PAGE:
Ambassadors say Ireland needs to improve Asia engagement – RTÉ This Week

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KUALA LUMPUR – Speaking at the Asia-Pacific Ireland Business Forum in Malaysia Friday, Ireland’s ambassador based in Singapore said that the Irish Government needs to do more in Asia.

Ambassador joe Hayes’ brief in Singapore  covers the world’s 4th biggest country Indonesia, one of the world’s fastest growing economies but one where Ireland is not making an impact, he says.

“All of the EU has a footprint in Indonesia except Ireland and Luxembourg,” Hayes told the APIBF, an annual gathering of Irish business executives covering a region from the Gulf to Japan.

Hayes criticised the Irish Government for not sending top-level government rep. to an upcoming summit in Laos, the 9th Asia-Europe Meeting, or ASEM, which will take place Nov. 5-6 in Vientiane.

“I am coming to the end of my career,” Ambassadaor Joe Hayes said, addressing an audience that included Joe Costello, Minister of State at the Dept. of Foreign Affairs and Trade.

While Ciaran Cannon, Minister of State at the Dept. of Education and Skills, will attend the ASEM summit on behalf of Ireland, Foreign Secretary William Hague will represent the UK, while President Francois Hollande will represent France, The gathering  will otherwise feature mostly heads of state and heads of government from most Asian and European countries, including China, likely to be the world’s biggest economy by mid-century.

The APIBF takes place in an Asian city each year, usually on a Friday in October, with the rest of the weekend taken up by the Asian Gaelic Games. Friday’s event was more muted than previous years, however, possibly due to timing, with this years’ event taking place on a Friday in Muslim-majority Malaysia on the weekend of Eid-al-Adha, a major Islamic holiday.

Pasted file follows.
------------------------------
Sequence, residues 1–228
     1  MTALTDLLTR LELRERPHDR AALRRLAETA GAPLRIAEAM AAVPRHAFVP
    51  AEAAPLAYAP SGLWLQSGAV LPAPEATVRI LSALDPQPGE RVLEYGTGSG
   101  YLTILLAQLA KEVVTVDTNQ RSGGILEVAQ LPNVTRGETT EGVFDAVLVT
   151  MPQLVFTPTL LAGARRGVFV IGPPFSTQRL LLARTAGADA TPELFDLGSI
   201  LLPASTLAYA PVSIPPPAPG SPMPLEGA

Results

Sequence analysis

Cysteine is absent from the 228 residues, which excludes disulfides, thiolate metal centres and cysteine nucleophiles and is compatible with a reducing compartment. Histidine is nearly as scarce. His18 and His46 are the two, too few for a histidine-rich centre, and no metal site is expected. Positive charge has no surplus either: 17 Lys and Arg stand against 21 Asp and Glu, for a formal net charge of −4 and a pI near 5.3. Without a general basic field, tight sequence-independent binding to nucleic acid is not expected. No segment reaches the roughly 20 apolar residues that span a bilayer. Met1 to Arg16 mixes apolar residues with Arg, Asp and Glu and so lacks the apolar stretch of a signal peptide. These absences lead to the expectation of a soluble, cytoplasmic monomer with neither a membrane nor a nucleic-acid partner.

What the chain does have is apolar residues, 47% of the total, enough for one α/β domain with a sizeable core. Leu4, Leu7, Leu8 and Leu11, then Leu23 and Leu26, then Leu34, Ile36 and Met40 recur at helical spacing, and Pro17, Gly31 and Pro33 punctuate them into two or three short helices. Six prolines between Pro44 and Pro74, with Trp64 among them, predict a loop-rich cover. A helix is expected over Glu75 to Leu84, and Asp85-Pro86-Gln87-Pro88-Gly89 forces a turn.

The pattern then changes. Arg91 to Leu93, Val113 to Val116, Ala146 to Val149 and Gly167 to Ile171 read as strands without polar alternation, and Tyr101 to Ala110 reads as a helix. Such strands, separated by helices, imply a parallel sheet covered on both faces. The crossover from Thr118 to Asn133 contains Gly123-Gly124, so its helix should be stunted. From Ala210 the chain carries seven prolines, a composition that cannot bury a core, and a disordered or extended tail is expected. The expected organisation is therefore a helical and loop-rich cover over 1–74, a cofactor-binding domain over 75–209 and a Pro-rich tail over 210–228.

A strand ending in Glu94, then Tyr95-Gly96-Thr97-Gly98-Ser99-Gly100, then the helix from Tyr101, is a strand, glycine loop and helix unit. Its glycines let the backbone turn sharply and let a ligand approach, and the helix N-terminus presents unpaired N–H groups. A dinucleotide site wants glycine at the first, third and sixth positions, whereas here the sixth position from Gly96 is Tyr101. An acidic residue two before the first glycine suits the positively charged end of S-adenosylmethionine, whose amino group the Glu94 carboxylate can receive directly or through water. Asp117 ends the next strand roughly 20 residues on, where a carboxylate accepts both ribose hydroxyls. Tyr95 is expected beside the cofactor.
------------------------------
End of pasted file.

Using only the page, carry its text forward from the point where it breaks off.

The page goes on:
Éamon McKee, Ireland’s Ambassador in Seoul, pleaded with the Government to send representatives to Asia more regularly, saying that the relationship between the public and private sector was closer in many Asian countries than in the West, reasoning therefore that official visits could help open doors for Irish businesses in Asia.

Defending the government – and previous administrations – Min. Costello said on Friday that, “Yes, we do have an Asia strategy and have had one since 1999,” adding that the plan was last revised in 2010. Costello reminded that China’s likely next leader Xi Xinping visited Ireland earlier this year, a trip that was followed by Taoiseach Enda Kenny’s visit to China.

Costello pointed out numerous recent trips he had made to Latin America, Europe and scheduled visits to Africa as evidence of the Irish Government’s trade and investment promotion overseas.

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